Each and every faculty member has the knowledge, skills, and abilities to accomplish basic curriculum design.  It's just a matter of thinking clearly and creatively about your material, and, ironically, where you want to end up at the conclusion of your course, which makes this daunting task that much easier.  Thus, the first lesson in curriculum design begins with this idea. "Start with the end in mind."  As we progress, the challenge of curriculum development will become less intimidating.

In all the curriculum I develop, I utilize a "systems approach" in its skeletal framework, more formally known as the Instructional Systems Design (ISD) educational model development.  This method of developing educational curriculum was first used by the U.S. Air Force.  It was adopted because of the large numbers of men and women from many different educational, cultural, and socioeconomic backgrounds, who needed to be trained in a systematic and consistent way, on highly specialized and technical military equipment, methods, policies, programs, and procedures.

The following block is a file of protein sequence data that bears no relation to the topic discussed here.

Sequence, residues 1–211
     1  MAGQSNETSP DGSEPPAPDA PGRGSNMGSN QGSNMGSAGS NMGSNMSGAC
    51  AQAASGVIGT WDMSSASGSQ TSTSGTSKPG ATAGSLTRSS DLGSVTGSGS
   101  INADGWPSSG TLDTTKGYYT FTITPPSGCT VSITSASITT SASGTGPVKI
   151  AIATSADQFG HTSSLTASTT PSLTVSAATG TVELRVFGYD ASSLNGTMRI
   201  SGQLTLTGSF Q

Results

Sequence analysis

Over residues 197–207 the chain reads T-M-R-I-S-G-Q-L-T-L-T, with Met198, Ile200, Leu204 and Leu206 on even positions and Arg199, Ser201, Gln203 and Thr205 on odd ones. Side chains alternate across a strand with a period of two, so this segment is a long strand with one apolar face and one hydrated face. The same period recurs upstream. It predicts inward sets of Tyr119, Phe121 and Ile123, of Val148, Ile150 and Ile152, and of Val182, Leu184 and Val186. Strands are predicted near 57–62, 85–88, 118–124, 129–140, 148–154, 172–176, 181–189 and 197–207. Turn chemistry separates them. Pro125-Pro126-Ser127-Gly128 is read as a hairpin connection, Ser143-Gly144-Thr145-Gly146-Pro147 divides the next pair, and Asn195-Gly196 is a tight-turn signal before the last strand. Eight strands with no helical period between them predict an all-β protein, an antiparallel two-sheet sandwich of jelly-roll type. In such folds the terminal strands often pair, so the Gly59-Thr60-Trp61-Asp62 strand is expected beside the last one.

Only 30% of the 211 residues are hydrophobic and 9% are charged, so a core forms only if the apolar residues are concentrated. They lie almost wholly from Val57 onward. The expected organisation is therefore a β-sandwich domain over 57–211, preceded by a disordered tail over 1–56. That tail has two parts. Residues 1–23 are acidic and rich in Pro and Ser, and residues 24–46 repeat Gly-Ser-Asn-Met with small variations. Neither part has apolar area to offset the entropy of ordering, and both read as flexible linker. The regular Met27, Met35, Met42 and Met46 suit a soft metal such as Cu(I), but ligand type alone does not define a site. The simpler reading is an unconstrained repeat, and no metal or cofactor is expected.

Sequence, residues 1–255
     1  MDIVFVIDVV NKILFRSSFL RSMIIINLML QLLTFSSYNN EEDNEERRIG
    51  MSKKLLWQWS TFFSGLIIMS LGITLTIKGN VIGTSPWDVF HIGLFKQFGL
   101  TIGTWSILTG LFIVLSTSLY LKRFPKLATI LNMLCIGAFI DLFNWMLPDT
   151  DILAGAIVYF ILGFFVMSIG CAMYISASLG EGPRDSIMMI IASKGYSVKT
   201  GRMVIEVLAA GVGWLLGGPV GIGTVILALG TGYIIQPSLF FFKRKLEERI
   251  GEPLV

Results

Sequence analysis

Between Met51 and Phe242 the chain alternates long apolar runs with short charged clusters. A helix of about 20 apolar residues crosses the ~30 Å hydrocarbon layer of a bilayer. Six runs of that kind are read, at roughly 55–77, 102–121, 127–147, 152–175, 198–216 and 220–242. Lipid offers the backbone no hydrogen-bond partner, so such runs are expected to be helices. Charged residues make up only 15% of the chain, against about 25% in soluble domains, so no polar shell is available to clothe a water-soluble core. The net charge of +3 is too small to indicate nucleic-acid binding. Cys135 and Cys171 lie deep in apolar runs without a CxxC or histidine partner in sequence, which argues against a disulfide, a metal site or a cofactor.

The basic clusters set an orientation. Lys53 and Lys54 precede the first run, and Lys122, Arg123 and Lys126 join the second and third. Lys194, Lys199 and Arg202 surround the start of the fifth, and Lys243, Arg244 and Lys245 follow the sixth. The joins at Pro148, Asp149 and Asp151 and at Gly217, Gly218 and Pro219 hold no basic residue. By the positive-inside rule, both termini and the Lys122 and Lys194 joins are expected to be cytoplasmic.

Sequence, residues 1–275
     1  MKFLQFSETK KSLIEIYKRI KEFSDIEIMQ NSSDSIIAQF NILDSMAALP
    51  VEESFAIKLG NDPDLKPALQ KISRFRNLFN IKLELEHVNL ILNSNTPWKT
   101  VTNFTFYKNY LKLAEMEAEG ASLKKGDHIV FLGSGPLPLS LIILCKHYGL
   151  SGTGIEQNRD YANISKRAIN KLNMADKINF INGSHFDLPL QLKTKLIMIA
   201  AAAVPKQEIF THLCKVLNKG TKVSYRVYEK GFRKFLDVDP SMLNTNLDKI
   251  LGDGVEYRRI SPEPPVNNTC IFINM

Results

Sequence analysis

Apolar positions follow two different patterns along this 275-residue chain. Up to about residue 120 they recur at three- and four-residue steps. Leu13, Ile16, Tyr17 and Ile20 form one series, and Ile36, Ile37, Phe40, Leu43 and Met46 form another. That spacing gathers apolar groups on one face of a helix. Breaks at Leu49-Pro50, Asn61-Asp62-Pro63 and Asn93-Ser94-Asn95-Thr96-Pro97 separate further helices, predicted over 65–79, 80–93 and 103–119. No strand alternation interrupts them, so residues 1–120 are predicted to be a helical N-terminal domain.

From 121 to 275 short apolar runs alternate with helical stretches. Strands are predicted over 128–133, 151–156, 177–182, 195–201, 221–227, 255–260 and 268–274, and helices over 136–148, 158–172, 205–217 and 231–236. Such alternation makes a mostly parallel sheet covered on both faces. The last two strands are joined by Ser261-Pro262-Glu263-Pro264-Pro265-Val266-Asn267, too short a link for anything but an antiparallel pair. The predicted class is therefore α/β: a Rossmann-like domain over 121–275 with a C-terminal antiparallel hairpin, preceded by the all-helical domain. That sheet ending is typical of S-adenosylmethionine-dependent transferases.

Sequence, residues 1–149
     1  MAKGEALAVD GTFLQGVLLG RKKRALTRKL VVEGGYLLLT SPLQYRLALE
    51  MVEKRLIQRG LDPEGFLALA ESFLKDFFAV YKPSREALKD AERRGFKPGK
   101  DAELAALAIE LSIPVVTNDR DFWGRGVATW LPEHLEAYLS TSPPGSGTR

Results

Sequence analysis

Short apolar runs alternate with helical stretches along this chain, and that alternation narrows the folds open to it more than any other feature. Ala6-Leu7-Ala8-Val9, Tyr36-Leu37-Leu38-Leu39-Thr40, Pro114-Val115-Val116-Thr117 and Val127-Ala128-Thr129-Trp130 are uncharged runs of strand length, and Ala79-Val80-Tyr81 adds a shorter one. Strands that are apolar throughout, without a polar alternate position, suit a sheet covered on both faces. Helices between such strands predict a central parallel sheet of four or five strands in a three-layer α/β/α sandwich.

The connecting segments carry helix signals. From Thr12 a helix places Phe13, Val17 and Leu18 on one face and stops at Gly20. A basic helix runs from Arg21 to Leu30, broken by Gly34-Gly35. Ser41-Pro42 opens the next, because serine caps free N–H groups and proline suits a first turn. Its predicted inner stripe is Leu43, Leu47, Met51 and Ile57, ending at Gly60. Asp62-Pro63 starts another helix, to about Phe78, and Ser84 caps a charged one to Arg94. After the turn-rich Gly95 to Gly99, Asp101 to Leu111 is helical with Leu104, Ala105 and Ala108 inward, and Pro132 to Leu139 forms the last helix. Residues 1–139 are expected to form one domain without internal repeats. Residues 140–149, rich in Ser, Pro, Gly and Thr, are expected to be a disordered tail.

The ISD methodology forces you to begin with the end in mind by specifying what you expect your students to learn by the end of your course.  In other words, what are the educational objectives or expected outcomes?  Two kinds of educational outcomes are terminal and enabling.  Terminal outcomes specify exactly what your students should be able to do by the time they finish your course.  Enabling objectives are the means used to reach the terminal learning outcomes.  We utilize these learning outcomes in each week's lesson plan as "scaffolds" on which to build more information.